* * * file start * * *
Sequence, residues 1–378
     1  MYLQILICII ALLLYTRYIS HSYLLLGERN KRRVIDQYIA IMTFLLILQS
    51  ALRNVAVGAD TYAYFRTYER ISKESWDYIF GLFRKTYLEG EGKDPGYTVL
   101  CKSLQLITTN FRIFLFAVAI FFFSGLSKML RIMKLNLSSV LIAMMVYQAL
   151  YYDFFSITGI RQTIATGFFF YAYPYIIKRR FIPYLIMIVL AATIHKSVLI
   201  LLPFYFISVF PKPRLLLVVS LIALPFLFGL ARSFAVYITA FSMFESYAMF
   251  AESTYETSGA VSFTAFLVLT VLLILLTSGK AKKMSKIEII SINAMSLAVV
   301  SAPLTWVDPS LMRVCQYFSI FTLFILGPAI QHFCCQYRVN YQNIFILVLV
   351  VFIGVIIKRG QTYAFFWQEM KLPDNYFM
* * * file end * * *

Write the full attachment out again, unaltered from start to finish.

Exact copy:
Sequence, residues 1–378
     1  MYLQILICII ALLLYTRYIS HSYLLLGERN KRRVIDQYIA IMTFLLILQS
    51  ALRNVAVGAD TYAYFRTYER ISKESWDYIF GLFRKTYLEG EGKDPGYTVL
   101  CKSLQLITTN FRIFLFAVAI FFFSGLSKML RIMKLNLSSV LIAMMVYQAL
   151  YYDFFSITGI RQTIATGFFF YAYPYIIKRR FIPYLIMIVL AATIHKSVLI
   201  LLPFYFISVF PKPRLLLVVS LIALPFLFGL ARSFAVYITA FSMFESYAMF
   251  AESTYETSGA VSFTAFLVLT VLLILLTSGK AKKMSKIEII SINAMSLAVV
   301  SAPLTWVDPS LMRVCQYFSI FTLFILGPAI QHFCCQYRVN YQNIFILVLV
   351  VFIGVIIKRG QTYAFFWQEM KLPDNYFM